it would be difficult to destroy the education system anytime soon because its primary perceived values are certification of intelligence and evidence of willingness to work. I don't think people are willing to trust online learning as an accreditation system: it's even easier to cheat than in traditional schools. Online degrees are popular, but I don't think they're worth as much for getting jobs.

MelissaMLB

October 3, 2009 12:00 AM

Wow! How many of these web-posters have actually worked as a teacher or worked with children in general? It all looks good on paper: your economic theories and models. (Course we see how these theories have helped us lately... still sticking with the supply-siders?)

Do you seriously think that there is no place for schools and group learning for children and young adults?

I teach high school students that are at risk of not graduating for a variety of factors in their lives. I teach them writing, reading, critical thinking, and small and large group communication. These are essential skills in the workplace and in life. I work really hard to get through to these kids so they don't end up dropping out, hopeless, and even worse- going to prison... have considered learned the statistics and percentages of Americans in prison who are illiterate? What's a better long-term investment: educated, competent human capital or uneducated people who have few skills to work in the 21st century?

"The teachers unions have made schools into a welfare state for women with no real interest in [teaching]?" What planet are you living on, seriously?

Caleb

October 3, 2009 01:05 AM

My god, you people are ignorant.

I dare a single one of you to step in front of a class room of 45 students, with a lesson plan carefully drawn out that will reach as many as possible in a 55 minute period.

The conservative movement has continuously attacked and weakened our public school systems. Privatize them? Really? The problem is funding and allocation. While many school systems do not receive the funding they need, many do but the money stops at the top branches of administrative levels. Private schools achieve better scores for a variety of reasons, one of them being that their class sizes are usually less than 15 students per class. 15 versus 45. Yeah, who do you think is going to get a better education? How do they do this? Funding from parents AND funding through tax exemptions and subsidies.

What about the NCLB act? Oh, you mean the finely crafted act that takes teachers out of the class room? You mean the act that takes funding away from troubled schools and turns them over to private business? Oh, you mean the act that fundamentally destroys education? The act that makes credentialed teachers mandatory for public schools but not for private schools.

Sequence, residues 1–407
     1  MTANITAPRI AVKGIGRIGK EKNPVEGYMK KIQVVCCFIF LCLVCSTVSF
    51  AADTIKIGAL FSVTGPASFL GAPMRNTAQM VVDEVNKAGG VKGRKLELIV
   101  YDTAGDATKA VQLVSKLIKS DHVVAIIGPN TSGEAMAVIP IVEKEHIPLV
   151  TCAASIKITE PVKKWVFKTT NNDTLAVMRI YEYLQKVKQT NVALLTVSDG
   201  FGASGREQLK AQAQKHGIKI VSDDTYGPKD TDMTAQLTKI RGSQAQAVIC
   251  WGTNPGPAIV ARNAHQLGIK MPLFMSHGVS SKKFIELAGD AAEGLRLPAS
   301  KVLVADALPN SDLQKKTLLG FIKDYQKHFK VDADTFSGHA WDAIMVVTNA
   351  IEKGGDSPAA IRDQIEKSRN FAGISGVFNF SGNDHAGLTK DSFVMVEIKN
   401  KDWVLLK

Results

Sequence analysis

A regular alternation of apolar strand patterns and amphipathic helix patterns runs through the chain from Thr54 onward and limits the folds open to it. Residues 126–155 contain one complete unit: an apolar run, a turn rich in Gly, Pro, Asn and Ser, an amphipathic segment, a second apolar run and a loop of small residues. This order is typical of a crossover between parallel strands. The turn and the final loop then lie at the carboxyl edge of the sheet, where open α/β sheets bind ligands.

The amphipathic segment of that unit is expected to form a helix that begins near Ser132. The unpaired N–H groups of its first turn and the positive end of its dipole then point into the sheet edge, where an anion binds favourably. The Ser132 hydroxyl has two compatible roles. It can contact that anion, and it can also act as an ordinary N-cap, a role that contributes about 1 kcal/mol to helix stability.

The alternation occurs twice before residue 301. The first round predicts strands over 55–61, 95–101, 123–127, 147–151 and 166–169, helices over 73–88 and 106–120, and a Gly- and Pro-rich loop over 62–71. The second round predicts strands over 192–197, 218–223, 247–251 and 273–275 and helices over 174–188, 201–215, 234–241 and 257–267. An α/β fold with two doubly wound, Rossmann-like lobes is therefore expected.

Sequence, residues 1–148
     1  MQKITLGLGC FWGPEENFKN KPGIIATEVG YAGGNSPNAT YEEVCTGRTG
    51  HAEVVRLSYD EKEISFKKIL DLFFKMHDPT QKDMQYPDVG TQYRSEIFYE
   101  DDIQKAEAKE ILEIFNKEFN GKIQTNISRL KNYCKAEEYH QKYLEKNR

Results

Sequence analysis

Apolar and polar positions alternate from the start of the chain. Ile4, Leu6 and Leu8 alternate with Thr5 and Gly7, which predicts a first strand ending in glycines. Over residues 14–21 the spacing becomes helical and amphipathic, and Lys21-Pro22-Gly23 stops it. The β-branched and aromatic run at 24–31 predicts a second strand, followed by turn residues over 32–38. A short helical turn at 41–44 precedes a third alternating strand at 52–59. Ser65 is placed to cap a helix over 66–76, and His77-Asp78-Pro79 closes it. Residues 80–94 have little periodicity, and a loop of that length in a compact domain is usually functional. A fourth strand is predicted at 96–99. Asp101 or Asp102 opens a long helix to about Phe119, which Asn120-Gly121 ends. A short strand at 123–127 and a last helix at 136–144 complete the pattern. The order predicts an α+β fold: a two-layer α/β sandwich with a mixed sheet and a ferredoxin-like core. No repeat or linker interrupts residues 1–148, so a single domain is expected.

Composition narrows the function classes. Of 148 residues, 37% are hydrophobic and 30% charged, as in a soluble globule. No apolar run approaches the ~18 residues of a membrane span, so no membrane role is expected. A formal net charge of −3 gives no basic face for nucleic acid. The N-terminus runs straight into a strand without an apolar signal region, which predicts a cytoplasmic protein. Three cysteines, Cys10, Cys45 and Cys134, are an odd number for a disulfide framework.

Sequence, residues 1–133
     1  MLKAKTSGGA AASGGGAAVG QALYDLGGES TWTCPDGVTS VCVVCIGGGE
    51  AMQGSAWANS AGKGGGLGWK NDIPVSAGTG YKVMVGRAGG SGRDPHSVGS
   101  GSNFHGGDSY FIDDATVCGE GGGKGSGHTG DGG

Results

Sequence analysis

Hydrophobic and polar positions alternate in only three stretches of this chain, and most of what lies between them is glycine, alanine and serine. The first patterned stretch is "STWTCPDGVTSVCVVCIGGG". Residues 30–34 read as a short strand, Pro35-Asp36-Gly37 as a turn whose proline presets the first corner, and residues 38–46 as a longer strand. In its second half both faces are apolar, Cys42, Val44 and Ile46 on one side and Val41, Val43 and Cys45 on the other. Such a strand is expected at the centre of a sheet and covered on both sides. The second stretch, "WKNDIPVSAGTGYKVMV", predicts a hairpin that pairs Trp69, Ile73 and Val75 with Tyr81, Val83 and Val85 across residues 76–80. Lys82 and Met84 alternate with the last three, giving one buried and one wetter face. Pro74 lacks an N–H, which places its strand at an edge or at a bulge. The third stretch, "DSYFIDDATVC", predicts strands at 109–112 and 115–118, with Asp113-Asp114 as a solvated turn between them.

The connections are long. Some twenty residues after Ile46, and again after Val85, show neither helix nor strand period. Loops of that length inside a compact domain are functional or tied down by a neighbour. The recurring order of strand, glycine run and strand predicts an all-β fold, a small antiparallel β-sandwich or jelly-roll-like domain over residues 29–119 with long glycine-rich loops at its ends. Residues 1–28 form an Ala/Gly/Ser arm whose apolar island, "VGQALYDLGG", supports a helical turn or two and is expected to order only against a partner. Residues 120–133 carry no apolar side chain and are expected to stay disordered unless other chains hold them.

Our schools are not mills. They are not wheels in the cogs of the corporate machinery of capitalism. There are full of living, breathing kids, children, that have needs and aren't getting any help.

Throwing money at it isn't going to solve the problem. But let me ask you this? How important is our nation's education compared to having a strong defense system? Both are important. How important? Is defense twice as important? Three times as important? How about six times? No, apparently our country usually spends EIGHT times more on defense than on education. That's not a plan for an educated mass, that's a plan for a militant mass.

Careful curriculum planning, responsible allocation of funds, and respect of education officials is key. The idea that a 'teacher' needs, total, eight years of training and education before they are credentialed is fine. How could home-schooling education compare then if a parent doesn't even need a degree in anything? The NCLB act effectively made it mandatory to go through the exact amount of training, education, and internship time as a doctor before you're not subject to removal at the end of each year. While at the same time the average pay for starting teachers is 40K. That's after a BA/BS and a Credential, which is comparable to a Masters. Now, think of the student loans. And while this is happening, some people think that home-schooling is as good or better than being taught by a trained professional!

Are there bad teachers? Of course. Are there bad doctors? Yes. Are there bad police officers? Yes. Is privatizing schools the answer? Only if you want to further destroy the middle class. The wealthy will be given excellent government subsidized educations (which many private schools receive already) while the middle and lower class neighborhoods will be offered abysmal education because they don't have the resources to fight back against big business. Oh wait, that's what conservatives have been doing to public education already!

Public education was one of the greatest advances of the modern era. It helped to effectively create the middle class. Take that away, and you'll be welcoming in feudal lords, a.k.a. Big Business/Lobbyists/Paid for Politicians.

There are no jobs in education because it is a knee jerk reaction to cut education funding when budgets don't add up. Why? Because the majority of the nation's affluent and wealthy families can afford to send their children to private schools and don't worry about education cuts. It's abuse.